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Maggie Durran: A church, not a business?

by
25 January 2012

In response to a recent column, a church is not a business: we do not trust in commerce, but in God’s goodness, and the stewardship of his people. We are not about to write a business plan.

BY ALL means, don’t. There are many churches where the financial situation is well-balanced and sustain­able, but there are many others where move­ments in popu­lation over gen­erations, and changes in local culture — such as becoming a commuter or holiday-home village — have taken away old loyalties and commitment to the church.

For these latter churches, at least, the idea of being a social business provides tools that help us to take a fresh look at our finances, and also to manage our churches and church life. A social business — a phrase coined in the charity sector — describes an organisation that does not exist for profit, but still has to balance its income and expenditure.

When that financial imbalance — or crisis — looms, there are many questions that can help us to explore how we continue to pursue our purpose. These questions can be tackled realistically when set out in a systematic way.

For example, we cannot discuss how to spend our money in 2012 un­til we have a fair assessment of how much income we will receive. (Many churches do not budget this way; they spend against what is in the bank, and, as a result, they spend an in­­­or­­d­in­­ate amount of time wor­rying.) Co-ordinate plans for income and expenditure, and discuss how they will keep up with each other.

A good business plan will tackle both regular and exceptional income and expenditure, and it is possible with reasonable accuracy to build a framework for the practical issues of church life which will ease fears and enable committed members to en­gage more fully, because they can see what they are giving to.

A good contents list, as suggest­­ed in previous columns, extended into a draft plan by a small group, can be dis­­cussed by the PCC. It will suggest ways to address the risks that are the church faces — from falling num­­bers to stewardship develop­ment, and holding fairs and fêtes — and then suggest ways to con­­trol spending in line with income.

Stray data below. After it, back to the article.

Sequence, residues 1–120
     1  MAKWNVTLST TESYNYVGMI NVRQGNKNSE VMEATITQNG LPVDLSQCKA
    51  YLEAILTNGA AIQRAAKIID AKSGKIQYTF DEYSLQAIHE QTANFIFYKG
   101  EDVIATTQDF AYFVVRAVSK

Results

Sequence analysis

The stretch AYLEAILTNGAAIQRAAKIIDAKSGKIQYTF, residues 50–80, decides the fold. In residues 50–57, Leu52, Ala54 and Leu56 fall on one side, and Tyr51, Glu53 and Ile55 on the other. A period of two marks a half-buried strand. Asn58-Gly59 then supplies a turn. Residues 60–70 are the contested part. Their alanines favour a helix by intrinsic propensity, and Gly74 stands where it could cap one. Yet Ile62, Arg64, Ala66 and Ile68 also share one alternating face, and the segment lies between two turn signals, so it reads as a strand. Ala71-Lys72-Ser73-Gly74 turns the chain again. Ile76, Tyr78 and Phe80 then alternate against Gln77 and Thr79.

Often, churches have already had some discussion on most of these elements, but they do not link them together, or even write down the general strategy. The more everyone sees how things are moving forward, and fit together strategically, the less they will be afraid of change and development.

Take time to explore values and cultural aspects of the issues that you address. For example, your oldest members may, as children, have attended unheated churches in the dead of winter. Now they wonder what all the fuss is about in considering a new heating system; their solution is simply to put on another woolly layer.

Talk around the issues until everyone is satisfied with the reason why they are engaging with the plan for a warmer church, and everyone will then be more generous in their contributions, either to the capital cost of a new installation or the revenue cost of meeting the quarterly bill.

Potential outside funders of the church also like to see that a charity has a sensible and sustainable way forward. No outside agency likes to con­tribute to, say, a new heating system, and then find that the church has not planned how it will pay for the fuel, and cannot run the new system.

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